Would the Eagles Actually Consider Trading DeSean Jackson? Probably

Brad Gagnon NFL National ColumnistMarch 5, 2014

USA Today

Now that Riley Cooper and Jeremy Maclin have been signed to brand new contracts, the Philadelphia Eagles have more annual salary tied up in their wide receivers than any other team in football except the Miami Dolphins.


Cooper, Maclin and DeSean Jackson are among the 31 highest-paid receivers in the game. No other team in football has three players in the top 35.

That has some wondering if the Eagles have devoted so much attention to Jackson's proverbial sidekicks that they might actually be planning for a premature ending to the Jackson era. 

Take this perspective from Philly.com's Jimmy Kempski

There's an opinion among some in the Eagles organization that Jackson's personality is not a great fit with the locker room culture that Chip Kelly is trying to cultivate, and the Eagles could be open to trading him.

The Eagles' actions over the last few days back that sentiment.

Kempski also points out that Eagles general manager Howie Roseman told the media at last month's combine that investing too heavily in one position could be dangerous. 

"We’re trying to figure out the whole dynamic of it," said Roseman, per Kempski. "You can only put a limited amount of resources at a particular position before it starts taking out from other places."

Considering Maclin says the Eagles actually wanted to sign him to a five-year deal—according to NJ.com's Eliot Shorr-Parks—and that Cooper is also under contract for half a decade to come, it's not completely far-fetched to imagine that the Eagles are planning for life without their No. 1 wide receiver.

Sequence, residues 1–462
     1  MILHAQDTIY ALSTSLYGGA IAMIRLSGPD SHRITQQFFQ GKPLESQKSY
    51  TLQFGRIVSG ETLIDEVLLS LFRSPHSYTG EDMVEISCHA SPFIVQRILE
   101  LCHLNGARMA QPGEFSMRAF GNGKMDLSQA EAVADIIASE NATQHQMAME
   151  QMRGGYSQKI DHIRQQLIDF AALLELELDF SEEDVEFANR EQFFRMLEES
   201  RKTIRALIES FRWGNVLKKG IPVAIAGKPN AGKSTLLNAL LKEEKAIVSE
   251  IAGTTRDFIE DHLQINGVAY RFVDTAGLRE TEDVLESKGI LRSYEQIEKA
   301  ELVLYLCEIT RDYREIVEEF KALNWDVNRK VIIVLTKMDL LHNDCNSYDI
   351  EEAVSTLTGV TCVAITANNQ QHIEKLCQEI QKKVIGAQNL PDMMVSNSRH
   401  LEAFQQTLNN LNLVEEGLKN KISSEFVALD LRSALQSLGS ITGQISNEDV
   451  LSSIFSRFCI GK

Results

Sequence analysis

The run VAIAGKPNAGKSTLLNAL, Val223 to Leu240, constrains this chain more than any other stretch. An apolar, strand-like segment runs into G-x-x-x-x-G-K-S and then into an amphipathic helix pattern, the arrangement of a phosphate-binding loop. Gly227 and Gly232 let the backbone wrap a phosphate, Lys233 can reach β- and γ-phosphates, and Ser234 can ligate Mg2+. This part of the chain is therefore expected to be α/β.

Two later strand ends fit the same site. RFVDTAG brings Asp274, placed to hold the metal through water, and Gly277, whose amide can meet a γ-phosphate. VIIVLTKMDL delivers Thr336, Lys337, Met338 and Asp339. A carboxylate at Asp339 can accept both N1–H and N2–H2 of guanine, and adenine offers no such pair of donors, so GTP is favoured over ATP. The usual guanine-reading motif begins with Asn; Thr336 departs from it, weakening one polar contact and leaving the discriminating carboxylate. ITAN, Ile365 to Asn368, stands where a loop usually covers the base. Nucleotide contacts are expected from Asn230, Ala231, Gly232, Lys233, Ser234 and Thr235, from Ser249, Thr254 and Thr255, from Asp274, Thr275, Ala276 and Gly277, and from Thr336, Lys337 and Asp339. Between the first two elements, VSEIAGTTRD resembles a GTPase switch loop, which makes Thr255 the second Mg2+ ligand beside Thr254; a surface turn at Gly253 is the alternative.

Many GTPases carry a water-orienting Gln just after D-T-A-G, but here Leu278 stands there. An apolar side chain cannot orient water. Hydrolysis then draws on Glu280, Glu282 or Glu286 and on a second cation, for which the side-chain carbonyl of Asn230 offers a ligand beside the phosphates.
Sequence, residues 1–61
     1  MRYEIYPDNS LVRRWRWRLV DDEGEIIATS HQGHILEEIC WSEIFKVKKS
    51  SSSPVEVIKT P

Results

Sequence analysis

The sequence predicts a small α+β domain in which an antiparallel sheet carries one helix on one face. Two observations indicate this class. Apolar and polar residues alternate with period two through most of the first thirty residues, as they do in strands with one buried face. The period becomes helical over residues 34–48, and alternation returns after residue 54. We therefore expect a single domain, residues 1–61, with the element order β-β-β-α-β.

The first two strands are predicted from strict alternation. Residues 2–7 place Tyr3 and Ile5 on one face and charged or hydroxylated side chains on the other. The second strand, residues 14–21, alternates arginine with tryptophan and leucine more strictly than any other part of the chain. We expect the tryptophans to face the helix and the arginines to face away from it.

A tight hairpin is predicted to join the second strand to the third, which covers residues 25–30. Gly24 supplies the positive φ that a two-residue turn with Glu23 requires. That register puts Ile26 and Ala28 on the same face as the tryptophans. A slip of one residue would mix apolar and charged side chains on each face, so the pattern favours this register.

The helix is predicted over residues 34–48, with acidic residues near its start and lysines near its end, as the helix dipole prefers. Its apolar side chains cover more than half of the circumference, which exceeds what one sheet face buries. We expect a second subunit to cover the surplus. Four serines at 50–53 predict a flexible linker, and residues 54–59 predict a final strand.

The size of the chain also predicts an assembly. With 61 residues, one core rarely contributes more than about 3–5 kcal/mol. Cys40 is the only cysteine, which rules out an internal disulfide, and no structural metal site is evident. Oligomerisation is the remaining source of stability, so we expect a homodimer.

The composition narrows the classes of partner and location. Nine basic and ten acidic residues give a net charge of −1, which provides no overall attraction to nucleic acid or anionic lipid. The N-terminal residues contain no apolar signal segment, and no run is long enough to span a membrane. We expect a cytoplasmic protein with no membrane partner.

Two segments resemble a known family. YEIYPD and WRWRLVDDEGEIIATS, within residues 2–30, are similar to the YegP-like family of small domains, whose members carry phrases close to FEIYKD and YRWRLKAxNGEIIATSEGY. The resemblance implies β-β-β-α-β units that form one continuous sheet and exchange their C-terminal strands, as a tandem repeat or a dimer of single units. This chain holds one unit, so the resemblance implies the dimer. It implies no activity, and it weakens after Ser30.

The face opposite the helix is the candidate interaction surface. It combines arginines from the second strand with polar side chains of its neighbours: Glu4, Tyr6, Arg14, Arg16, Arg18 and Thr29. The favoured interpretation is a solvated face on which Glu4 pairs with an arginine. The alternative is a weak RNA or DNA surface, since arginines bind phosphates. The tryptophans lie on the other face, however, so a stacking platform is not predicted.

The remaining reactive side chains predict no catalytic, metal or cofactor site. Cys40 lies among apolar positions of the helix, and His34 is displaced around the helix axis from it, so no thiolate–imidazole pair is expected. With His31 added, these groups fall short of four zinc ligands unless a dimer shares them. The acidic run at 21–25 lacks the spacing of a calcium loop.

Two years ago, when Jackson and the team were embroiled in a contract dispute, ESPN's Adam Schefter reported that the Eagles were "open to listening to trade offers" for him. If that was the case then, when their receiving corps was less steady than it is today, it's completely possible Jackson could be available for the right price now. 

That has nothing to do with what has gone down on the field. At the age of 27, Jackson is probably only entering his prime. He set career highs with 82 catches and 1,332 yards and tied a career high with nine touchdowns in 2013, earning his third Pro Bowl berth.

Cooper and Maclin have never hit the 1,000-yard mark and have never made a Pro Bowl. 

Jackson, who only two years ago signed a five-year, $48.2 million deal with $15 million guaranteed, was already beginning to lobby for a raise earlier this offseason. 

Per CSN Philly's Reuben Frank:

I definitely feel it’s something deserving. We’ll see how that plays out, and hopefully we can work things out smoothly and not have to worry about anything out of the ordinary.

But I definitely feel like it’s deserving. I’m proven in this league, and after this past year, went out there, no distractions, and just really put it all in for my team and went out there and had a lot of success, so we’ll see how it goes.

NFL's highest-paid receivers: 2014 base salary
1. Mike WallaceDolphins$15.0M
2. Percy HarvinSeahawks$11.0M
3. DeSean JacksonEagles$10.5M
4. Vincent JacksonBuccaneers$10.0M
4. Andre JohnsonTexans$10.0M

At the very least, the Eagles are making it easier to swallow the loss of Jackson in case he starts becoming a distraction over contractual gripes. If a trade opportunity is presented to them down the line, they can now consider pulling the trigger with Maclin and Cooper providing some insurance. 

I don't think that will happen, simply because Jackson is too valuable to Chip Kelly's up-tempo, speed-oriented offense and can stretch the field like few other players in this league, but Roseman is covering his bases. 

Plus, you know what they say about buying low and selling high.